Experimental antibody treatment in clinical trials at Duke University similar to one President Trump received
Posted October 5, 2020 8:36 p.m. EDT
Updated October 5, 2020 11:50 p.m. EDT
Right now, scientists are calling the treatment LY-CoV55. It's administered intravenously and designed to shut down any virus floating around in a patient's body and prevent it from spreading.
The drug is still in its early stages, but Duke researchers said they've seen promising results from patients battling coronavirus.
"We hope that it sort of slows down the progression of the disease and halts the virus in its tracks so the patient can clean up the mess that the virus already made and avoid having ongoing infectious issues," explained Dr. Christine Barkauskas, an assistant professor in the department of medicine at Duke.
Barkauskas said 58 patients are enrolled to participate in clinical trials at Duke to see how this new breakthrough works.
Researchers said the antibody treatment functions similar to an experimental antibody drug cocktail made by Regeneron Pharmaceuticals Inc. that Trump received last week.
Although Trump said he felt better "than I did 20 years ago," Barkaukas said that wasn’t a typical side-effect to the antibody treatment.
"Most of the patients we've treated will start to feel better with time," said Barkaukas. "I can't say we've seen that it's a magic elixir that makes you feel rejuvenated instantly."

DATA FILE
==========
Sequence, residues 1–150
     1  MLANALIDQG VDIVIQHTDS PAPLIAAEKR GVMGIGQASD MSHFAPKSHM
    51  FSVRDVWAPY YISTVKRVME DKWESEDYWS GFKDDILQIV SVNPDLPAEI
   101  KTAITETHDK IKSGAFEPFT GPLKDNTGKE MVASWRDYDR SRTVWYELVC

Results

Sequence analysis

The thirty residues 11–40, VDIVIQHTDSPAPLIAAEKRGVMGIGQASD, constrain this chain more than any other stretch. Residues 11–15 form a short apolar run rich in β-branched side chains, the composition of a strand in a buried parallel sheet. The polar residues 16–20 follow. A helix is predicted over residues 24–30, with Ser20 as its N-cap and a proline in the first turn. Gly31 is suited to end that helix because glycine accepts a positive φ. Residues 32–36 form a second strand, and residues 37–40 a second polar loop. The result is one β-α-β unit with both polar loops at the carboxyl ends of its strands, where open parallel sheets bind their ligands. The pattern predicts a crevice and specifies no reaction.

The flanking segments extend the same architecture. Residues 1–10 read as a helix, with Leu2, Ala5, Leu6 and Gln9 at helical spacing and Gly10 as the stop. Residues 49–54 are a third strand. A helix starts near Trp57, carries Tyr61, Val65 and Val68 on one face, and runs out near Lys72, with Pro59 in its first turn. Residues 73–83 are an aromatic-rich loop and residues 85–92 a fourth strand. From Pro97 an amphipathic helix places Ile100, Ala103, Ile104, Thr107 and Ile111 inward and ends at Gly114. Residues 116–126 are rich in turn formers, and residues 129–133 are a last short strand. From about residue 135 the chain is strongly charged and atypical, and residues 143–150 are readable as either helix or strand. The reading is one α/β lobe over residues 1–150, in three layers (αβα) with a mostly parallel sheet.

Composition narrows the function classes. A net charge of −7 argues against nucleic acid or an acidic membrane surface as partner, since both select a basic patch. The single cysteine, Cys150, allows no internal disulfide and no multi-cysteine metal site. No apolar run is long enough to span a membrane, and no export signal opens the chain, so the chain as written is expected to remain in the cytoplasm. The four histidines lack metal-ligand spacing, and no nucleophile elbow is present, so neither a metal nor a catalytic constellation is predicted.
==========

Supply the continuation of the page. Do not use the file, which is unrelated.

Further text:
She added that everybody responds to treatments different.
Jonathan Pannaman went to a baby shower for his daughter on Sep. 5, but later in the day he started having coronavirus symptoms.
"That evening, after the shower, I started to develop symptoms. I had a 104-degree fever, couldn't sleep, couldn't breathe," he described.
Pannaman went to the hospital the next day to get tested for coronavirus.
After receiving a positive result, he said his symptoms kept getting worse throughout the week. That's when doctors approached him about participating in a clinical trail at Duke for an experimental treatment.
"At that point, I was willing to do whatever it took to get this out of me," said Pannaman.
Pannaman said it made the difference in his recovery.
"The outcome is certainly worth the risk, and the risk seemed very minimal," he added/
For now, the treatment is limited to patients in the hospital battling coronavirus, but researchers said they hope to move it to a different trial where people coming out of the hospital can take it.